Neil Armstrong, the first man to walk on the moon and allegedly one of the dullest guys to ever do something momentous, died today at age 82. But let’s hold off for a minute or two and offer due respect for his and NASA’s brilliant achievement and for Armstrong being the super-reliable and resourceful pilot that his colleagues always spoke of.
Now that I’ve paid my respects I can say that I was always bothered by Armstrong’s historic first words after his feet touched the moon’s surface: “That’s one small step for man, one giant leap for mankind.” Obviously “man” and “mankind” are synonymous so the statement made zero sense, but it would have if Armstrong had simply said “a” man. Instead he ruined it, and that grammatical error is now etched in stone and marble for centuries to come with millions upon millions of unborn people fated to read this silly quote and scratch their heads and look at each other and ask, “What…? I don’t get it.”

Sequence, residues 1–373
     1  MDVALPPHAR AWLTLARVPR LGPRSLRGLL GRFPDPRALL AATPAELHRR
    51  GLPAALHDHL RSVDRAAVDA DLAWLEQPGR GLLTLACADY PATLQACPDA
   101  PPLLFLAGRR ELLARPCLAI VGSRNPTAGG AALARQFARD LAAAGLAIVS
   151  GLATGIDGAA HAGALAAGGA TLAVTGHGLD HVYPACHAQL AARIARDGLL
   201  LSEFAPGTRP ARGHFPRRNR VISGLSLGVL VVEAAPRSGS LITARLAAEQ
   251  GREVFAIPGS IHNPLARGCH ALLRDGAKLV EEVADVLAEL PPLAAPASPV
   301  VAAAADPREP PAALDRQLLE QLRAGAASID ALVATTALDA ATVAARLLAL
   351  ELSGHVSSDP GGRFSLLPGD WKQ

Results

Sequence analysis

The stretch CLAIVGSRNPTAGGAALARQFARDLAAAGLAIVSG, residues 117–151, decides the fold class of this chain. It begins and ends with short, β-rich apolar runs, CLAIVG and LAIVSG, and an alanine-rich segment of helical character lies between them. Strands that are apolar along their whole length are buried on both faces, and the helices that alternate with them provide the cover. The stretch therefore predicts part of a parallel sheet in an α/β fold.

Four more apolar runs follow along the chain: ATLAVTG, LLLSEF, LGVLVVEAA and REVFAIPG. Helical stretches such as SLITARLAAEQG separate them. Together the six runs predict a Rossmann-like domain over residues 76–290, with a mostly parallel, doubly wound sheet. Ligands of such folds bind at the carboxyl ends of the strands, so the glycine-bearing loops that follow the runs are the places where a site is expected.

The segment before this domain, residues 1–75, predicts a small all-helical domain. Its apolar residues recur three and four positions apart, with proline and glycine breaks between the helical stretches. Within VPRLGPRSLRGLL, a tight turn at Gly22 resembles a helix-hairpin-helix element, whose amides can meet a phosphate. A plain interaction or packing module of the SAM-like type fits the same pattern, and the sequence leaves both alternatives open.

Armstrong rarely spoke in public, rarely said anything, rarely shared or reflected or expounded. He was a private man who decided early on to keep to himself, and was content to simply be a skilled pilot who did the job. That’s fine in itself, but I’ll never forget Norman Mailer‘s describing Armstrong as a bit of a dolt in his 1971 book “Of a Fire on The Moon.” I particularly recall his comparing Armstrong’s responses to press conference questions to the way a cow grazing in a field deals with flies by flicking them away with its tail.
Four years ago I passed along a story about Universal’s intending to make a film out of James R. Hansen‘s “First Man: The Life of Neil A. Armstrong.” I wrote that the book “will be adapted into screenplay form by Nicole Perlman — if the poor woman manages to stay awake while writing it. For Universal is essentially going to make a movie about that cow.”